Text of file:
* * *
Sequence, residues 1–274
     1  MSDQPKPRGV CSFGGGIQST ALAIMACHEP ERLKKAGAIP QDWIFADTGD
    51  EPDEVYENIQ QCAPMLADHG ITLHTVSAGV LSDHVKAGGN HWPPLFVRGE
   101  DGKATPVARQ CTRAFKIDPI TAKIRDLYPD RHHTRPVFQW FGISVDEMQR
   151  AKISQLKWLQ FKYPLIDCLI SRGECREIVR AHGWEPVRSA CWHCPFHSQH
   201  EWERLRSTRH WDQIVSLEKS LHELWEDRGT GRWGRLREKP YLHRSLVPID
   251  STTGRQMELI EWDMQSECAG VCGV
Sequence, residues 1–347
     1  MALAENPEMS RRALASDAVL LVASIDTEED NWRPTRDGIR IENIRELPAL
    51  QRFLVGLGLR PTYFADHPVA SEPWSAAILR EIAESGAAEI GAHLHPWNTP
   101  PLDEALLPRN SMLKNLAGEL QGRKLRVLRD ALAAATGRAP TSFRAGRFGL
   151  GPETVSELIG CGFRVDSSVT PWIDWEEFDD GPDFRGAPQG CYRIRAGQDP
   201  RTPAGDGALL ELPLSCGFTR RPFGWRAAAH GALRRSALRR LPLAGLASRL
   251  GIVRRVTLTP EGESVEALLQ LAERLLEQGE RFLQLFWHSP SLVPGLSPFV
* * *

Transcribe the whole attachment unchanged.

Sequence, residues 1–274
     1  MSDQPKPRGV CSFGGGIQST ALAIMACHEP ERLKKAGAIP QDWIFADTGD
    51  EPDEVYENIQ QCAPMLADHG ITLHTVSAGV LSDHVKAGGN HWPPLFVRGE
   101  DGKATPVARQ CTRAFKIDPI TAKIRDLYPD RHHTRPVFQW FGISVDEMQR
   151  AKISQLKWLQ FKYPLIDCLI SRGECREIVR AHGWEPVRSA CWHCPFHSQH
   201  EWERLRSTRH WDQIVSLEKS LHELWEDRGT GRWGRLREKP YLHRSLVPID
   251  STTGRQMELI EWDMQSECAG VCGV
Sequence, residues 1–347
     1  MALAENPEMS RRALASDAVL LVASIDTEED NWRPTRDGIR IENIRELPAL
    51  QRFLVGLGLR PTYFADHPVA SEPWSAAILR EIAESGAAEI GAHLHPWNTP
   101  PLDEALLPRN SMLKNLAGEL QGRKLRVLRD ALAAATGRAP TSFRAGRFGL
   151  GPETVSELIG CGFRVDSSVT PWIDWEEFDD GPDFRGAPQG CYRIRAGQDP
   201  RTPAGDGALL ELPLSCGFTR RPFGWRAAAH GALRRSALRR LPLAGLASRL
   251  GIVRRVTLTP EGESVEALLQ LAERLLEQGE RFLQLFWHSP SLVPGLSPFV